Solar photovoltaic (PV) installations saw a surge in global deployment and reached 75 GW in 2016, a 49% year-over-year growth, according to a new report from Lux Research. Looking ahead, the report forecasts demand growth will steady, with PV slated to grow at a 6% compound annual growth rate (CAGR) and cumulative installations doubling to reach nearly 800 GW by 2021.
The report says geographical distribution of PV deployment has shifted away from European markets since 2009, and in 2016, it was dominated by China, which had a 46% share of all installations. Now, it is set to shift again as new markets, including India, South Korea and Mexico, rise with aggressive targets around renewables and PV installations and as dominant players fall off, the report adds.
“Continued PV adoption provides great opportunity for market growth and innovation, which we’re already seeing with India emerging as a leader,” says Tyler Ogden, Lux Research analyst and lead author of the report. “However, as the market grows to more than 100 GW and record-low tariffs continue, so too does risk, and we will see more bankruptcies like we did in 2016.”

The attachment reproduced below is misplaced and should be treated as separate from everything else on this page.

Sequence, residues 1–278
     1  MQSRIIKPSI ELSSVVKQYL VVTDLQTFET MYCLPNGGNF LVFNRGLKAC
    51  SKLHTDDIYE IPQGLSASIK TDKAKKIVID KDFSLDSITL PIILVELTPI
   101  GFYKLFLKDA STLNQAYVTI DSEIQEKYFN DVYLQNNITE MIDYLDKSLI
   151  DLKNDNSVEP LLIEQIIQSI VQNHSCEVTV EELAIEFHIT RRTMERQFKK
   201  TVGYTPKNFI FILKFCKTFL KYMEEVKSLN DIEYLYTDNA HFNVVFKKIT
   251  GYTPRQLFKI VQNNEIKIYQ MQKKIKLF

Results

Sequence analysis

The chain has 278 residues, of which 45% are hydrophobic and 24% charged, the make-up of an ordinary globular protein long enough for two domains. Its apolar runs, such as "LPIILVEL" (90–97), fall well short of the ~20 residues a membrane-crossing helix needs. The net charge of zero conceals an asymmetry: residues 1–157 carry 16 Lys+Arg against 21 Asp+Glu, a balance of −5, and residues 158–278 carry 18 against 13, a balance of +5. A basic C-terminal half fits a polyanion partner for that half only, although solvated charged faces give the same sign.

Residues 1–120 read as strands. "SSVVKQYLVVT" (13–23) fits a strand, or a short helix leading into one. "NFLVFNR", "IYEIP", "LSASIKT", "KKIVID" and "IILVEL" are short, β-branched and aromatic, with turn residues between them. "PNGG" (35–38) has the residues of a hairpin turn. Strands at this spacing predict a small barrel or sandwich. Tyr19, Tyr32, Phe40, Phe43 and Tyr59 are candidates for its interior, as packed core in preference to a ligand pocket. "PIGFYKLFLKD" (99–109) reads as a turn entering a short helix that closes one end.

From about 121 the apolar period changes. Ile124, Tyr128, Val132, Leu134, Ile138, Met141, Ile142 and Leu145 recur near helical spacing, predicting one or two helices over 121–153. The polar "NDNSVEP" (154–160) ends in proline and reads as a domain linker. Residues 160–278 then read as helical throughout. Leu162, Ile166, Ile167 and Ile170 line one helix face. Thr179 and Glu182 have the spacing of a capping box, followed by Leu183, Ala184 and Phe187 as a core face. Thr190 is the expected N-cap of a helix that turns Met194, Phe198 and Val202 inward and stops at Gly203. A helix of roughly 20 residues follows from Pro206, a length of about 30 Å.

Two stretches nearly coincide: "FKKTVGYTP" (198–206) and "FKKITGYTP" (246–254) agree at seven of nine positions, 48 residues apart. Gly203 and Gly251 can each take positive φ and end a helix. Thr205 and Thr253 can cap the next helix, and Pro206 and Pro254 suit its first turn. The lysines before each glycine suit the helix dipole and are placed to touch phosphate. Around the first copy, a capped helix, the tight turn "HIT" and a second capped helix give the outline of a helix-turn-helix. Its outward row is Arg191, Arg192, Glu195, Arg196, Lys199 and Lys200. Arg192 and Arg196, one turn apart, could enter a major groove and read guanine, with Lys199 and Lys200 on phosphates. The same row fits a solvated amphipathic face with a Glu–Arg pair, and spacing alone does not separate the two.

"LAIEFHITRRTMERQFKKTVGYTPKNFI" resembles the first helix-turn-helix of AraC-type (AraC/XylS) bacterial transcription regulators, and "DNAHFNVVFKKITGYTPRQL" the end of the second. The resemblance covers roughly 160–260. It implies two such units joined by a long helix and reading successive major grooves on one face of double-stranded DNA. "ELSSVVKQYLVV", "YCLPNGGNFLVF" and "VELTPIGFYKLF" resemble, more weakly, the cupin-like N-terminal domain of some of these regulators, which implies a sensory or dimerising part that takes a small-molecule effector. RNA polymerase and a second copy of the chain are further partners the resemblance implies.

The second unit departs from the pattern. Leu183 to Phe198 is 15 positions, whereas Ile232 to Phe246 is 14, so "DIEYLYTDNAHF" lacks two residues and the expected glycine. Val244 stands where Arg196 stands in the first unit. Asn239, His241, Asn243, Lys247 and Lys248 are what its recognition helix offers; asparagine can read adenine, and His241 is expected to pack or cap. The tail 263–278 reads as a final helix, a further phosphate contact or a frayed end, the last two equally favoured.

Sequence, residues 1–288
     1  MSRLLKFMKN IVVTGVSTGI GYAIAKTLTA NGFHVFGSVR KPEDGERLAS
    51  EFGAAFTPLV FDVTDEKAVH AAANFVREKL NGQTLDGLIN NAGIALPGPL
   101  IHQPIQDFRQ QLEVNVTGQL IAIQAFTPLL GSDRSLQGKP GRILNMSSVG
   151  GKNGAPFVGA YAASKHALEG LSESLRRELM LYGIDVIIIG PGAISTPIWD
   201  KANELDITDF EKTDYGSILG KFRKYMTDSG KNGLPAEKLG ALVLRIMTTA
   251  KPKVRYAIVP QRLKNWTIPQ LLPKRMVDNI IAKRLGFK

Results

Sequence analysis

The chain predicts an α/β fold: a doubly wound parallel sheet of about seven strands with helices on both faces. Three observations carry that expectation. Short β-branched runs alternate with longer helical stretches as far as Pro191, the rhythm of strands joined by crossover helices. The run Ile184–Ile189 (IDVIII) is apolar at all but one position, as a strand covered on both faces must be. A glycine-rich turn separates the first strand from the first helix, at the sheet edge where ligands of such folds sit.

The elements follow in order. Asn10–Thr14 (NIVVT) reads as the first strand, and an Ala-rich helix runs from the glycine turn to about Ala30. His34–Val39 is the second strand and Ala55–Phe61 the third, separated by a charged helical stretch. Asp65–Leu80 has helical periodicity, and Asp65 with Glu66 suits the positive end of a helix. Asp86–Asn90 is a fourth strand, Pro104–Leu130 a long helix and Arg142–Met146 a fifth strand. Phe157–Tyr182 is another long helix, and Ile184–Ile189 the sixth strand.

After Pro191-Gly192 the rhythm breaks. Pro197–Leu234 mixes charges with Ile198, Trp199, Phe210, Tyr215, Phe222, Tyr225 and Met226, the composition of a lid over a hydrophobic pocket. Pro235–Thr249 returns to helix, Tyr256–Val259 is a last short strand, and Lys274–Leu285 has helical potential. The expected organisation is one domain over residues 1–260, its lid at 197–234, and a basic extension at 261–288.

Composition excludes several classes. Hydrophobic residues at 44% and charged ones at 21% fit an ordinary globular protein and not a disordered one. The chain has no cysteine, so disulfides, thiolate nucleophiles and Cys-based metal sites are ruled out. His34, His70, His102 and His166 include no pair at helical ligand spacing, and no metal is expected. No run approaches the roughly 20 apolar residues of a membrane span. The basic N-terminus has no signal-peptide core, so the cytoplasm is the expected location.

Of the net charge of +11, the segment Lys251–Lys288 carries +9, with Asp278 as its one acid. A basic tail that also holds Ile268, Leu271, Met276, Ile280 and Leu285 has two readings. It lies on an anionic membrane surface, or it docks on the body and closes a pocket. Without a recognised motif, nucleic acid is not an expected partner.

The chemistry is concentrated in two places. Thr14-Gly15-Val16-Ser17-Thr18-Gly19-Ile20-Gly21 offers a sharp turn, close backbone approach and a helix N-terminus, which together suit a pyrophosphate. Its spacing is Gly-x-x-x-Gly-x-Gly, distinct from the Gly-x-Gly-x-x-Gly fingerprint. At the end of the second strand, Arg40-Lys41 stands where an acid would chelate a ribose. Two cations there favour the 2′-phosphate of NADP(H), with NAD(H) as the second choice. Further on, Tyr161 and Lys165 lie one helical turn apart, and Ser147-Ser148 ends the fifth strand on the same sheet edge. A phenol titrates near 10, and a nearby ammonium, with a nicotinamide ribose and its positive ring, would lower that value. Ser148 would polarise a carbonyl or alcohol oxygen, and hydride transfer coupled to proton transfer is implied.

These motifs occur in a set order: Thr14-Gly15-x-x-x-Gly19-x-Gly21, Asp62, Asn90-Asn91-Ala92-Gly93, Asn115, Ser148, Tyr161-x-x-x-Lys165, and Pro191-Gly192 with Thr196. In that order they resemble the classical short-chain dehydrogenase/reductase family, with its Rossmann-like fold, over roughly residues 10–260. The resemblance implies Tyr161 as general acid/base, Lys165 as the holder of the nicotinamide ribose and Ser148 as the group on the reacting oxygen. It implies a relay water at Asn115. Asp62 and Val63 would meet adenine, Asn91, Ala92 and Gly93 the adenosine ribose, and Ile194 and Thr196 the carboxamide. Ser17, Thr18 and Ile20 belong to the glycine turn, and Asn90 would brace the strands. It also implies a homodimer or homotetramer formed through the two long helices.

Projecting the market based on historical trends, the impact of ongoing innovation, and government policy targets, Lux Research analysts found the following:
Cumulative installations are on track to double by 2021, with new installations slowing. After experiencing rapid growth from 2015 to 2016, PV installations will steady over the coming years. Cumulative installations will reach almost 800 GW by 2021, amounting to more than 7% of global electricity consumption. Emerging as the third-largest market for PV, India is growing at a 26% CAGR, which will account for 18 GW in 2021.
North America and rest of world pick up speed as Asia-Pacific market declines. Despite being the dominant player from 2015 to 2016, China will see slower demand due to grid issues and lower feed-in tariffs. With growth rates greater than 10%, Canada, Mexico, Thailand and the U.S., along with India, are expected to pick up the slack.
Multi-crystalline silicon will continue to dominate the market. Steadily decreasing module costs have kept multi-crystalline silicon the leading PV technology, according to the report. While multi-crystalline will remain the dominant player making up 65% of total installations, thin-film cadmium telluride (CdTe) is expected to grow its market share to 7% by 2021.
Lux notes that the above findings are the baseline its analysts uncovered using the company’s forecasting model. However, there are also two alternate scenarios that could present opposing trajectories: a policy downturn in the U.S. market can lead to a decline, while rapid integration of storage can result in an uptick.
The report, titled “Photovoltaic Demand to 2021: Forecasting Three Cases of Future Deployment,” is part of the Lux Research Solar intelligence service.